- #1

itsme24

- 8

- 0

Here is the problem:

A projectile of mass 19.4 kg is fired at an angle of 57.0 degrees above the horizontal and with a speed of 81.0 m/s. At the highest point of its trajectory the projectile explodes into two fragments with equal mass, one of which falls vertically with zero initial speed. You can ignore air resistance.

And here is what I did:

I first found the center of mass when y = 0 since the center of mass follows the trajectory of the parabola I used the equation:

y(x) = tan(theta)x - .5g(x/(V_i*cos(theta))^2

y(x) = 0

theta = 57 degrees

g= 9.8m/s^2

V_i = 81.0 m/s so...

0 = tan(57)x - 4.9(x/(8.1*cos(57))^2

0 = 1.54x - 0.00252x^2

quadratic:

x = 0,

**776.1m = center of mass**

Then it says that the first fragment drops vertically at the highest point and this is partly where I get confused since with my math I assumed that means straight down, correct me if I'm wrong. So I found t when V_y = 0 to find x at that point.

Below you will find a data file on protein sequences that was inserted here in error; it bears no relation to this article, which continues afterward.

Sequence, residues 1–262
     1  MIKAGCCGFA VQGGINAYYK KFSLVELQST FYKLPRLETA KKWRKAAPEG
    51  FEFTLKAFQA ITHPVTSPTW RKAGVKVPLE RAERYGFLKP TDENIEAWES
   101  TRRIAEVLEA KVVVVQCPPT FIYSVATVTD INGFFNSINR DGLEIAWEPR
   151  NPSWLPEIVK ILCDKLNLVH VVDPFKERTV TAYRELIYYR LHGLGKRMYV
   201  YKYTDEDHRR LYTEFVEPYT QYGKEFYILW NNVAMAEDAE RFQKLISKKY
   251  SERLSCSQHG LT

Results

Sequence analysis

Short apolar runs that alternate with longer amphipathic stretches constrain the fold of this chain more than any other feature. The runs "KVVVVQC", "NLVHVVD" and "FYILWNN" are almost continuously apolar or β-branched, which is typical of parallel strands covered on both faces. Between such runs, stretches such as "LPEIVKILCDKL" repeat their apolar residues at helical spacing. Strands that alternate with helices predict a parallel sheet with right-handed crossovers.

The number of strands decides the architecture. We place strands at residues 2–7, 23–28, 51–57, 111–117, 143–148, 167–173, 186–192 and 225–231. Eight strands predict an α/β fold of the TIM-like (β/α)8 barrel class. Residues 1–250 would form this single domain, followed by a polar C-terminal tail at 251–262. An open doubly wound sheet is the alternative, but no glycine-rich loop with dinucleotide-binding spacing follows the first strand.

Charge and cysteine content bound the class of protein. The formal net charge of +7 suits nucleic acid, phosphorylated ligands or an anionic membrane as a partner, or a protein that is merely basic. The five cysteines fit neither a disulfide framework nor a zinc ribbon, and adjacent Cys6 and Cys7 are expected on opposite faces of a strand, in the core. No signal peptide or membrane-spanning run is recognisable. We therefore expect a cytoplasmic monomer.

V_y = 0 = V_yi + a_y*t

0= 81.0*sin(57) - 9.8t

**t= 6.93s**

x when t = 6.93s which should give me the position fragment 1 landed:

x_f1 = x_i + V_ix*t + 0.5a_x*t^2

x_f1 = 0 + 81.0cos(57) + 0

**x_f1 = 305.72m**

Then I just had to find x of fragment 2:

x_cm = (m_f1*x_f1) + (m_f2*x_f2) / (m_f1 + m_f2)

so, I made the center of mass the 0 coordinate:

776.1m = [(9.7kg*-470.4m) + (9.7kg*x_f2)] / (9.7kg*2)

**x_f2 = 2020m**, which turned out to be wrong!

I'm sorry this problem is so long